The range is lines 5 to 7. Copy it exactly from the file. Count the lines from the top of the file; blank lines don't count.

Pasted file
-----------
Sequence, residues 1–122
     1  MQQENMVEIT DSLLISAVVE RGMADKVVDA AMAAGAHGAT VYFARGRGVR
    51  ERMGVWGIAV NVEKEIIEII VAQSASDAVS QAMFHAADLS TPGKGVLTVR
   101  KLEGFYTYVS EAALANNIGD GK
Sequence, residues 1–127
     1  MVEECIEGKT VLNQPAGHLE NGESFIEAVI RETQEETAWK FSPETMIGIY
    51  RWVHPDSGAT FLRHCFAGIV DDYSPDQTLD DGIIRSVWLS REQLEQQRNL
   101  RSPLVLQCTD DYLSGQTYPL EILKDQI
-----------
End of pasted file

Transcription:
Sequence, residues 1–127
     1  MVEECIEGKT VLNQPAGHLE NGESFIEAVI RETQEETAWK FSPETMIGIY
    51  RWVHPDSGAT FLRHCFAGIV DDYSPDQTLD DGIIRSVWLS REQLEQQRNL